The day before, wrap salad greens in towels and make the dressing. Have serving pieces polished and labeled to go with appropriate items.

Mulled wine is a good beverage to keep in mind, says Bell, because large quantities can be prepared ahead and only need to be heated up at the last minute. Eggnog also can be assembled ahead, leaving the addition of whipped cream for last.

Bell’s trick: When cooking party food, never use recipes you haven’t tried before.


Lila Green of Renta Yenta in Beverly Hills says oversights can ruin a party. An example: “A lot of people pick up food at take-out places, but forget to get a chafing dish to keep the food warm.”

Ice, Green thinks, is another item that is often overlooked. “You’ll save money by having the ice delivered by the 100-pound bulk rather than buying small bags at the supermarket and carrying them yourself,” she says.

Another tip from Green: figure out how much Champagne you’ll need ahead of time, because once Champagne has been iced, it should not be allowed to come to room temperature. “It’s wise to assess exactly how many Champagne bottles should be iced, to avoid ruining good Champagne,” Green says.

Green’s trick: “Close the bar an hour to a hour and a half before the end of the party and set up warming drinks such as tea, coffee or cocoa, for the road. Don’t forget, the host is held responsible for their guests safety once gone.”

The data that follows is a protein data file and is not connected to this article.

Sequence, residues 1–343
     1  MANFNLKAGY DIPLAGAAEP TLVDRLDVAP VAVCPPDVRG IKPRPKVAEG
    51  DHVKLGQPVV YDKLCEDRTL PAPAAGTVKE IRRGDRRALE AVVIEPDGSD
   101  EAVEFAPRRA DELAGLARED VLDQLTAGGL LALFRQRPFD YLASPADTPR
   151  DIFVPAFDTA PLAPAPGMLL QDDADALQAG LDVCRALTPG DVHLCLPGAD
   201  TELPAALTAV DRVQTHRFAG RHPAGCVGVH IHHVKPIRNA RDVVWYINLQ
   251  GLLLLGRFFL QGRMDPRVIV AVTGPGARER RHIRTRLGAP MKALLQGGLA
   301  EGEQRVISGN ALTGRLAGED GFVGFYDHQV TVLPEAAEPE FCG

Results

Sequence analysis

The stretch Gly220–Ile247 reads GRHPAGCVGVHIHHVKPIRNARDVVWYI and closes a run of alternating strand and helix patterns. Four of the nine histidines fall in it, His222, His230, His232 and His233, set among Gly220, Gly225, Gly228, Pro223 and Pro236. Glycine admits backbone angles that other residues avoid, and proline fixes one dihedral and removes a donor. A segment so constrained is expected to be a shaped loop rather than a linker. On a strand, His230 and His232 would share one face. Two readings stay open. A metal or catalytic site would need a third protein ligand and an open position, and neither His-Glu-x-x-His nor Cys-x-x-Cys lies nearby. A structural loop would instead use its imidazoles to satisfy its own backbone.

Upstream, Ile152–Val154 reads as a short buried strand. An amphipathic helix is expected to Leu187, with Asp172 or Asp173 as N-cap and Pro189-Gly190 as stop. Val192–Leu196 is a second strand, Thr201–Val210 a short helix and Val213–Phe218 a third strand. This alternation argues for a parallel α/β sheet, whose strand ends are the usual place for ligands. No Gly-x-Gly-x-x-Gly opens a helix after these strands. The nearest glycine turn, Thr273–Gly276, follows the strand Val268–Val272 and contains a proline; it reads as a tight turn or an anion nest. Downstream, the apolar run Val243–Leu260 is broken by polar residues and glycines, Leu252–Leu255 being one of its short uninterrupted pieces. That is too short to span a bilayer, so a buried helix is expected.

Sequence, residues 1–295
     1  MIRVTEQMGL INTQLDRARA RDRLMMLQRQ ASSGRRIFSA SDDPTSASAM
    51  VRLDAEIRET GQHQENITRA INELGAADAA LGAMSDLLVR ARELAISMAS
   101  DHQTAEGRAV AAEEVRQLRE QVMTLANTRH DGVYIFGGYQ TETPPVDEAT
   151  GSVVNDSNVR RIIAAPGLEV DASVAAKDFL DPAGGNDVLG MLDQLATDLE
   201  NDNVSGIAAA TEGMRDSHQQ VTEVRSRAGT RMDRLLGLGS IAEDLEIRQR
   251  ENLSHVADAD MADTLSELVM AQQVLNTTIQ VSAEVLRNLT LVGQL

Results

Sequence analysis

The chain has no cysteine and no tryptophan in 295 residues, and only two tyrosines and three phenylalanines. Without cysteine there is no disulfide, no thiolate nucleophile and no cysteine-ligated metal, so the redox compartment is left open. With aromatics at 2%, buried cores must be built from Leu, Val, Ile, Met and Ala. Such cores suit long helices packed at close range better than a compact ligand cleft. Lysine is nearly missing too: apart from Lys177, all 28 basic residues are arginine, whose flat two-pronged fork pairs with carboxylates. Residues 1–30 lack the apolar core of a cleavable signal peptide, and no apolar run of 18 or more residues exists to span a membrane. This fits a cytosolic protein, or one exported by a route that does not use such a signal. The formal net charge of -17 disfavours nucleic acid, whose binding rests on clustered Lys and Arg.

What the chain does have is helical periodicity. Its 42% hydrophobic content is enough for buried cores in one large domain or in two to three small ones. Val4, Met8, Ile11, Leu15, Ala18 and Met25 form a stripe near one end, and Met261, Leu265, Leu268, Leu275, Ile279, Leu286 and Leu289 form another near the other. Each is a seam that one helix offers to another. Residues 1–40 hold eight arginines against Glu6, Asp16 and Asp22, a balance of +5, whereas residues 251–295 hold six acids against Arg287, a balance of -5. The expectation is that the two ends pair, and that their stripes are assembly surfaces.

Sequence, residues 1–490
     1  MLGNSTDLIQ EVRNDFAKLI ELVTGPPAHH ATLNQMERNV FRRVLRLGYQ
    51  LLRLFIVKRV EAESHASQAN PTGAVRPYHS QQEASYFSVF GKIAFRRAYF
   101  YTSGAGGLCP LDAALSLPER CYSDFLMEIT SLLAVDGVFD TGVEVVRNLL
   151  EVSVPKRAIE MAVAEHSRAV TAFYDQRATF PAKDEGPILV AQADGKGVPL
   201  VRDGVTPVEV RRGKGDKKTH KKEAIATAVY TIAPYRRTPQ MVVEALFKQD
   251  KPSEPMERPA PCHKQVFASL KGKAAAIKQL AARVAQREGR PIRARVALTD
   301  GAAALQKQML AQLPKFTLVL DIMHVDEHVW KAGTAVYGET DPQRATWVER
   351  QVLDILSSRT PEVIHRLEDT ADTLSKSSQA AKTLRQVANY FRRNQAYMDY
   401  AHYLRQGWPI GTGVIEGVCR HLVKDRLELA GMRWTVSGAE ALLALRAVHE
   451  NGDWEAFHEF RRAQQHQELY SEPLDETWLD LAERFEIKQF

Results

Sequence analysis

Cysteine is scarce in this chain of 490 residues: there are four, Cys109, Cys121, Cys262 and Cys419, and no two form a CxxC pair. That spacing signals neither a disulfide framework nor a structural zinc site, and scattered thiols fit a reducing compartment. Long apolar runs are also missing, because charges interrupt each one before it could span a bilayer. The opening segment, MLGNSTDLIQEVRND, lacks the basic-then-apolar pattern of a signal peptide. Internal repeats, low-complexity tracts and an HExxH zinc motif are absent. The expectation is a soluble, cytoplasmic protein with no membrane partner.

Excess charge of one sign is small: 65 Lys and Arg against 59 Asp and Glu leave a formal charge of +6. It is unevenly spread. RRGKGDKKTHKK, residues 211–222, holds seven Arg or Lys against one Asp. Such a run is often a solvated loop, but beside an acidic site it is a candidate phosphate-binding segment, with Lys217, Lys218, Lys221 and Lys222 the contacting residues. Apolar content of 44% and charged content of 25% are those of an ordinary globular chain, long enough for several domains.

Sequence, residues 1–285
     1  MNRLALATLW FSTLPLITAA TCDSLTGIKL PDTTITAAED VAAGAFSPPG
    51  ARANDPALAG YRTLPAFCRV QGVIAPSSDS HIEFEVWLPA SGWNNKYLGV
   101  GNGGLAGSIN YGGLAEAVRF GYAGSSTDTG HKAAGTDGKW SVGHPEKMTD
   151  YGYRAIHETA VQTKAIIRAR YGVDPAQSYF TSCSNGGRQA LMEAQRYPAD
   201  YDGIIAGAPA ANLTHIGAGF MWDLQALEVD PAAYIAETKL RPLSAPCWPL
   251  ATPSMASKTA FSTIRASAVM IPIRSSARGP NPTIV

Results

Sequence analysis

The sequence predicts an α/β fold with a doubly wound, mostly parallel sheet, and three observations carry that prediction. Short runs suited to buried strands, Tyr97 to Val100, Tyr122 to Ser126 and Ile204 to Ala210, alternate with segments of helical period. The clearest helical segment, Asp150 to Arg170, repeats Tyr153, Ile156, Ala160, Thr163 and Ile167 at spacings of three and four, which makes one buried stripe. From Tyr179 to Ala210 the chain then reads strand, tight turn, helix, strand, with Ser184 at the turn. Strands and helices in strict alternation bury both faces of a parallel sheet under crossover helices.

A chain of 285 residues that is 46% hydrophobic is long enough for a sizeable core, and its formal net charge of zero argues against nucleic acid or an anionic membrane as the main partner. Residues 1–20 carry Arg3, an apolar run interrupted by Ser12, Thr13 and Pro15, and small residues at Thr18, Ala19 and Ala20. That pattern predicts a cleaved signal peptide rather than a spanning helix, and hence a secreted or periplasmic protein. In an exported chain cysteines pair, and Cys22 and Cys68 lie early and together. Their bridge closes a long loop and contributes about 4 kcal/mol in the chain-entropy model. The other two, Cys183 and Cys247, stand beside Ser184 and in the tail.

“You’ll save lots of money if you give a party in the afternoon rather than at night when drinking is heavier and the food and beverages more varied,” advises Aleta Parrish-Dichter, president of Duck Duck Mousse in Pacific Palisades. For a party that’s easy on the host, Parrish-Dichter suggests cold dishes to which guests can help themselves, such as pates, terrines, Brie layered with nuts or pesto, or sandwiches and salads, rather than hot meals that require special equipment, careful replenishment and, perhaps, costly labor.

Parrish-Dicter’s trick: A full bar is expensive and requires a skilled bartender. Serve only beer, wine and nonalcoholic beverages.

“To avoid crowds collecting in one spot at a large party,” suggests Gary Ware of Ware’s the Party Catering in Los Angeles, “group foods on tables set up in stations around the house.”

Ware also believes that finger foods, although labor intensive, work best for a crowd. “Anything requiring knives or sauced foods spells trouble for buffet service,” says Ware. Brownies, cookies and other desserts that can be easily eaten while standing are better than pies and gooey cakes. Ware also thinks small seven-inch plates work best at buffets because guests have a tough time juggling large plates when they are also trying to hold a drink and a napkin.